7 Creative Ways to Learn English Offline
There are many offline English learning activities you can do that are convenient, inexpensive and relevant.
Some of them still even involve your favorite language apps!
Let’s take a look at why offline learning can be valuable for English learners, plus seven creative ways you can incorporate it into your life.
- Why Make the Effort to Learn Offline?
- What Are the Benefits of Offline Learning?
- 7 Methods to Learn English Offline
Why Make the Effort to Learn Offline?
With online resources constantly available at your fingertips, why make the effort to learn English offline?
For one thing, while online learning can be incredibly helpful for language learners all over the world, it’s won’t necessarily make you fluent on its own.
Educators, researchers and learners are all researching whether it’s possible to successfully learn a language just online—the answer is still uncertain. Some view the lack of real-world, human interaction in online learning as a barrier to fluency.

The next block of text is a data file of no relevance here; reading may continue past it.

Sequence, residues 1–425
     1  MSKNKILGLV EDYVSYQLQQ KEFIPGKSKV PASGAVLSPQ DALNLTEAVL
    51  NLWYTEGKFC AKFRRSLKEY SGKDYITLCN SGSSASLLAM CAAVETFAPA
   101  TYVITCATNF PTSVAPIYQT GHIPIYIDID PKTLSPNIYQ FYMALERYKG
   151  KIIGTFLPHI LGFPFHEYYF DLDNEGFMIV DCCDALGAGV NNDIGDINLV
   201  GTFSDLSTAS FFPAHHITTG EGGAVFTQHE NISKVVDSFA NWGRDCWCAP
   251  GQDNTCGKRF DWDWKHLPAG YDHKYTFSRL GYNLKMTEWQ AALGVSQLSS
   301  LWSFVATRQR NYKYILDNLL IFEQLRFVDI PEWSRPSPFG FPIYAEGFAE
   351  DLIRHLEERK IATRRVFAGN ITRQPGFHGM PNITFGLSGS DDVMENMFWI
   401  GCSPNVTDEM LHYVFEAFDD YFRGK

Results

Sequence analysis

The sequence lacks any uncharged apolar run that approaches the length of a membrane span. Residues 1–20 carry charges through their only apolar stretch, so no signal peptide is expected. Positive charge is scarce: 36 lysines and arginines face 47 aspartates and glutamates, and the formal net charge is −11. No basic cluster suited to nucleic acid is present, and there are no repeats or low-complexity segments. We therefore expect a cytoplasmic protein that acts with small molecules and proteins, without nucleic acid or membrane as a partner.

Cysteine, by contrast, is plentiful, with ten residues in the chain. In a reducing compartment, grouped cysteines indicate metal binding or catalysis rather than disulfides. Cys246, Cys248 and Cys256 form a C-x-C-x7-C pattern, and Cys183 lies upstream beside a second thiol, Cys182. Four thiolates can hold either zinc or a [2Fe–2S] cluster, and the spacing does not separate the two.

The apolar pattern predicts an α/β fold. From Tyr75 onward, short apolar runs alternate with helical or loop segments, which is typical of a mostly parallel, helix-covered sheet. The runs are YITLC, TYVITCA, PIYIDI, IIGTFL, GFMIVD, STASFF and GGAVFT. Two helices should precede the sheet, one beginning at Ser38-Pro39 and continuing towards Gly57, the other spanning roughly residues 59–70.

That’s why it’s important to diversify your learning tools and make sure you’re getting some offline time along with those language learning apps and websites.
What Are the Benefits of Offline Learning?
- Offline interactions can provide a sense of connection with other people who speak your target language. Real-world conversations can also provide exposure to important body language and nonverbal cues that accompany language.
- Physical learning experiences reinforce your memory by linking new phrases with experiences and relevant context.
- Freedom from the internet eliminates problems with connectivity and other technical difficulties.
7 Methods to Learn English Offline
Experiment with these activities. Your learning success also depends on how well you match your offline learning activities to your individual learning style. Not sure what your learning style is? This article identifies 13 different learning styles and the activities that work best for each one.
1. Start a Vocabulary Log